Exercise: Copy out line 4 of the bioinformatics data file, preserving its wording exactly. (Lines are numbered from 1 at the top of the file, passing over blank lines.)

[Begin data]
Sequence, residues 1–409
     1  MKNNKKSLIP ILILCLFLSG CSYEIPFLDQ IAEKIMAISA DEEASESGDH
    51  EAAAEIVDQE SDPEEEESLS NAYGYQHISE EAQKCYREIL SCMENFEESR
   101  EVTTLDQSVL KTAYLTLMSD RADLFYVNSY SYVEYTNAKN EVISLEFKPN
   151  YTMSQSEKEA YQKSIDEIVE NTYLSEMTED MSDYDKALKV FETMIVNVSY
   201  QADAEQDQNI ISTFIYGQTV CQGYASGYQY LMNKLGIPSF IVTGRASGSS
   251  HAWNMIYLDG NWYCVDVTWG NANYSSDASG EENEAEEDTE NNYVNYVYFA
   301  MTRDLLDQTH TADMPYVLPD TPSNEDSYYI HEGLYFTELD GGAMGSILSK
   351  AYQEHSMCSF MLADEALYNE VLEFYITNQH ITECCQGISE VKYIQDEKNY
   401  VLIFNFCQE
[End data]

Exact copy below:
   101  EVTTLDQSVL KTAYLTLMSD RADLFYVNSY SYVEYTNAKN EVISLEFKPN